the climbs. We told him of our fate, but that we were stubborn. He had
been riding with two other riders most of the way, so he returned to
ride with them after a short while.

We really do try to be social, but in the mountains, it is very
difficult for a tandem to stay with singles and vice-versa. So we just
rode at our own pace, and when we could ride with others and talk we
did and when we were descending, we waved as we passed.

We passed the covered bridge, where David took lots of pictures of us
and other riders going by. He then proceeded up to the top of Grace.
We stopped to peel clothes as it was starting to get hot. I had never
gone over Grace in this direction and could not remember anything
about it. David drove to the top and then back down a little to
take some pictures. As I passed I asked how far to the top. He said
a couple of turns, and we decided he was getting us back for rides
in May where we said there were no more hills, despite having
tons more. It was another mile. Then it leveled and climbed again,
and then it did it AGAIN!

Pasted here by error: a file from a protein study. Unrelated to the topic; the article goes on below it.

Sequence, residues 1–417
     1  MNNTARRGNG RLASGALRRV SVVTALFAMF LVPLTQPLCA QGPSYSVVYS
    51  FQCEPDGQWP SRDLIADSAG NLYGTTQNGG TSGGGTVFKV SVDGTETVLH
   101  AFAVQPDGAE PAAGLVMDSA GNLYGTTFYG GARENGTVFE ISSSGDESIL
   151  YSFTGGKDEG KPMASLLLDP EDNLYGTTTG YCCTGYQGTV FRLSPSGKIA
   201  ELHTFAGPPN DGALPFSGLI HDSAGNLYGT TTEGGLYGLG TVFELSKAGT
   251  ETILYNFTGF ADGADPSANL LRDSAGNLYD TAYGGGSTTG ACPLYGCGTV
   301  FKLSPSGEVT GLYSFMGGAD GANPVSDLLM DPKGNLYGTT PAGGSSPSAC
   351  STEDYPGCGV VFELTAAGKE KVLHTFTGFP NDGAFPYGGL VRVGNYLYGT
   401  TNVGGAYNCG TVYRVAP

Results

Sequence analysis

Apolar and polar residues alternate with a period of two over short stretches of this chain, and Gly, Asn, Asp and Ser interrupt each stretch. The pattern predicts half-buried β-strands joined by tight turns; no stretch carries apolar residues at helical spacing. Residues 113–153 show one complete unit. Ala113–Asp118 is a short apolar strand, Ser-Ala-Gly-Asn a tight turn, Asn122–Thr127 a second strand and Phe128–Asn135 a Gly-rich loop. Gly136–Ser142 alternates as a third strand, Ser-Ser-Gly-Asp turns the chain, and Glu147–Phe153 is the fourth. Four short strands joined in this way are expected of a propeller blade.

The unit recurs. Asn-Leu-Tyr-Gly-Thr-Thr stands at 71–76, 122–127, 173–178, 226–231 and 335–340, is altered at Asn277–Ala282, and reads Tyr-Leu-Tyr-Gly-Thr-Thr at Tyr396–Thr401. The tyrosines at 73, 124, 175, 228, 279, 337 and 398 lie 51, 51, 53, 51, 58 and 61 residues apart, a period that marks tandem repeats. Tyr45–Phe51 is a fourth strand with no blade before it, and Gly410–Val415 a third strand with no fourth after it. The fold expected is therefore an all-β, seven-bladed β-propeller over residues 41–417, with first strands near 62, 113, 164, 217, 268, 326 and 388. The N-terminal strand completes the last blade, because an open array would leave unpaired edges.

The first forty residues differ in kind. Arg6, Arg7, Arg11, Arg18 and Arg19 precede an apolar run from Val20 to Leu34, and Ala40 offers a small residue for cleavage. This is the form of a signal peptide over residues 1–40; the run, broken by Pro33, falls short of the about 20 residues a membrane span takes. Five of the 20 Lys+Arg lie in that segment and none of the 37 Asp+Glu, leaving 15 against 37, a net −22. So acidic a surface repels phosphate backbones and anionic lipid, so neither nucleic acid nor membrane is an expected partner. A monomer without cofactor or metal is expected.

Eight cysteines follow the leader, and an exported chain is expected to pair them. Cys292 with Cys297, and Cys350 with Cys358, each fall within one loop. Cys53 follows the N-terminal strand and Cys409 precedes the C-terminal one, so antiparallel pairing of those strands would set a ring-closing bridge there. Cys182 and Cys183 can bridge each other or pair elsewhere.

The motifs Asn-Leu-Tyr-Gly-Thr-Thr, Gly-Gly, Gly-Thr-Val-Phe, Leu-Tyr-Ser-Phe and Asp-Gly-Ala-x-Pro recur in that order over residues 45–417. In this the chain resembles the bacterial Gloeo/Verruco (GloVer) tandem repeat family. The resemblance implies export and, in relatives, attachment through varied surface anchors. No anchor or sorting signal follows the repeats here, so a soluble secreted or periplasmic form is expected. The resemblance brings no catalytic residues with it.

Then we passed by Lake Matawa, and the water looked ever so-inviting,
but we kept going forward. 202 was coming up, and it is 10 miles of
BIG rolling hills, that I hate. Just after turning on 202, Steve
noticed a rubbing noise coming from the front wheel, so we stopped to
discover a bulge in the front tire. The glue on the casing looked like
it was melting and giving way, so we decided to change the tire,
rather than risk a blowout on one of those downhills.

We reached Barre, and I was starting to get a little hot and maybe
just a teeny-tiny bit cranky. I tried changing to my larger shoes,
since both feet were starting to swell due to the heat. We replaced
our spare tire, drank extra water, and prepared for the final assault
on Newton. We enjoyed the ride down the wall out of Barre, and happily
bounced over the bumps on the way to Princeton, thanks to the Allsop.